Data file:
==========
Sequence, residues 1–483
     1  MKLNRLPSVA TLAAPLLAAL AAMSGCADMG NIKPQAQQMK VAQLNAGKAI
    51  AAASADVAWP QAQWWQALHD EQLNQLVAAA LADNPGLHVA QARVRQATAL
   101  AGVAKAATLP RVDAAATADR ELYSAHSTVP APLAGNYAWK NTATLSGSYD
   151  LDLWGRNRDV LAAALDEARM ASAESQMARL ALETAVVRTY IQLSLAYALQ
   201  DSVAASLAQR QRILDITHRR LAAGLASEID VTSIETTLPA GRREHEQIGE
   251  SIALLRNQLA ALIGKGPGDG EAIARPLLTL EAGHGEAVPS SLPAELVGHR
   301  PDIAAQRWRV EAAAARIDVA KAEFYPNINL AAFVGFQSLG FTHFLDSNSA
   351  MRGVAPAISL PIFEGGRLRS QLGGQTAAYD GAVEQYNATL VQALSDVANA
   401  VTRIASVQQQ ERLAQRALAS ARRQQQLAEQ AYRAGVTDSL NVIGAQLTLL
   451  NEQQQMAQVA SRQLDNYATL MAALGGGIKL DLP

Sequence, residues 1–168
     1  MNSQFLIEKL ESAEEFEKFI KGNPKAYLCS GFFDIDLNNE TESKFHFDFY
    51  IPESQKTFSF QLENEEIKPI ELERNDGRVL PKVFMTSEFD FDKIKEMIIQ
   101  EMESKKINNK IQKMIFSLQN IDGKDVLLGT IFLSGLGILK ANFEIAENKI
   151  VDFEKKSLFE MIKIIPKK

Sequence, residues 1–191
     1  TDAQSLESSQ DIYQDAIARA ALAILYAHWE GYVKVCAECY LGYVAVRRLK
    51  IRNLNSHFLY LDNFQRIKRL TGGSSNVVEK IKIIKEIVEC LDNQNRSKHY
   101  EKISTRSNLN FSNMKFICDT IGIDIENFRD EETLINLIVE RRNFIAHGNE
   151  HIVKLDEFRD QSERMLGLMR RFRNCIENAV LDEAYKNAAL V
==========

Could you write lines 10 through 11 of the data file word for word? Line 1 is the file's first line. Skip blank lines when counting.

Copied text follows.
   401  VTRIASVQQQ ERLAQRALAS ARRQQQLAEQ AYRAGVTDSL NVIGAQLTLL
   451  NEQQQMAQVA SRQLDNYATL MAALGGGIKL DLP